Resilient mother-daughter duo honored for giving back to their Minnesota community
Sierra Charwood, a recent high-school graduate, and her mother, Ashley, are also prime examples of a Bi-County Community Action Programs Head Start success story.
BEMIDJI, Minn. — Sierra Charwood is following in her mother’s footsteps as a Head Start Heroes award recipient and advocate for the community.
Sierra, a recent high school graduate, and her mother, Ashley, are also prime examples of a Bi-County Community Action Programs (BI-CAP) Head Start success story.
The resilient duo has worked hard to push through difficult circumstances with assistance from BI-CAP programs over the years. Since then, the two have realized goals to pursue advanced degrees and give back to the Bemidji community. For these efforts, they were recognized statewide for their achievements with Head Start Heroes awards — Ashley back in 2018, and Sierra just last month.
According to the Minnesota Head Start Association website , “Head Start Heroes epitomize how determination, fortitude and access to early learning and whole-family approaches can pave the way to lifelong success.”
BI-CAP is a nonprofit community action program that assists low-income disadvantaged families and individuals in Cass and Beltrami counties. BI-CAP services enhance lives through a variety of programs that increase self-sufficiency by offering financial and counseling support, according to its website. BI-CAP has five programs: Head Start, YouthBuild, Energy Assistance, Housing Support and Weatherization Assistance.
For six years, Ashley served on the BI-CAP Board of Directors, which she did to give back to the programs that had helped her and her family.
“I dropped out of high school when I was 14, and then I joined the BI-CAP YouthBuild program, and then I became a teen parent with (Sierra). She went into the BI-CAP Head Start program,” Ashley explained. “We signed up for all their other programs like energy assistance, and weatherization. And so we've been really close to BI-CAP’s programs. Now we don't need them anymore, because their goal is to help people achieve self-sufficiency. And so it was really good during our young family times, helping with housing and things.”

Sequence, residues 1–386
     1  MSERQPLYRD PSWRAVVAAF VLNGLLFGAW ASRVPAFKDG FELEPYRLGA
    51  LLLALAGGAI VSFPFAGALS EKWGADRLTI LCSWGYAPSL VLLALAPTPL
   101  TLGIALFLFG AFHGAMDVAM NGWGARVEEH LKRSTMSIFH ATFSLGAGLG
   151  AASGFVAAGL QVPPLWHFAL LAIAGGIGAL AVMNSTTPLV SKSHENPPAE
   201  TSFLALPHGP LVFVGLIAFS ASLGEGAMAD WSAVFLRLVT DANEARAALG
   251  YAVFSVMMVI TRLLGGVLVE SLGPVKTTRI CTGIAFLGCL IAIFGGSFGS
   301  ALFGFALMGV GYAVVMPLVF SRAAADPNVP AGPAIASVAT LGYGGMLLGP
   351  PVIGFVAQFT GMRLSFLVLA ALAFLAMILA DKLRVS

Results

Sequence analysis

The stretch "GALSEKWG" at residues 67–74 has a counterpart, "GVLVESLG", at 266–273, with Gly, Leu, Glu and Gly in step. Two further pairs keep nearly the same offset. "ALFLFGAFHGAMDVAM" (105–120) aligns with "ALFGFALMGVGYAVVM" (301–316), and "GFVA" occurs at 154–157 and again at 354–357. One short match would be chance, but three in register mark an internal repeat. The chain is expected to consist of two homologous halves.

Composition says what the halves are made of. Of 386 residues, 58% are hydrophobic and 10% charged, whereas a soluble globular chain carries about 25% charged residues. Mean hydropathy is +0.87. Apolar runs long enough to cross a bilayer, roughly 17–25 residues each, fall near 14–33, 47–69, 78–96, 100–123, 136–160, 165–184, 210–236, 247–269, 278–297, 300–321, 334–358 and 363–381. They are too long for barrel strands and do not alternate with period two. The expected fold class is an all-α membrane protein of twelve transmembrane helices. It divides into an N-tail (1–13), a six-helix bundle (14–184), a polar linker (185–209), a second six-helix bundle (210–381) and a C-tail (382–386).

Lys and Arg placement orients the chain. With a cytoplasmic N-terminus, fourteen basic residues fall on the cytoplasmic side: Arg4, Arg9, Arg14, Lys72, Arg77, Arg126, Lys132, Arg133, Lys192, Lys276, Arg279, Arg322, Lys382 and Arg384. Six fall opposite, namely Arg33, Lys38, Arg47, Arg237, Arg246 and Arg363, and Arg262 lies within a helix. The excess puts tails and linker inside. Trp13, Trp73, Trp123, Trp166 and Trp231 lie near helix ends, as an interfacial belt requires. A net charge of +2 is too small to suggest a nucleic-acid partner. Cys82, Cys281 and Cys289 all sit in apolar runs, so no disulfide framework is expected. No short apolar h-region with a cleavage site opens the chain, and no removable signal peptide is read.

As the parent of children who attended Head Start, Ashley was nominated and received a parent Head Start Heroes award back in 2018. With this award, she was given scholarship funds to pursue her master's degree in social work. Ashley currently works for Peacemaker Resources in Bemidji.
Now, three years later, Sierra has received the same statewide award.
The Minnesota Head Start Association sponsors a recognition program each year that honors members of the Minnesota Head Start community who overcame tremendous challenges and achieved personal and family success. These children, families, alumni and staff members have been selected by the MHSA Scholarships and Awards Committee based on compelling, personal testimonies about their Head Start experience and how they were able to transform their lives, the website said.
Sierra graduated last month from Cass Lake Bena High School and has been studying at Bemidji State University through dual enrollment. During that time she has been active in the community — working at the Headwaters Science Center, playing violin and volleyball, and taking part in community service, activism and cultural activities.
She was recently admitted into a prestigious new dual bachelor’s and medical school admissions program at the University of Minnesota in Minneapolis. Her cohort is a class of nine women, mostly from diverse backgrounds, which was something that made her proud, she said.
Through this success and more, she’s been awarded statewide recognition through the Minnesota Head Start Association, a Head Start Heroes award as a BI-CAP Head Start alumna.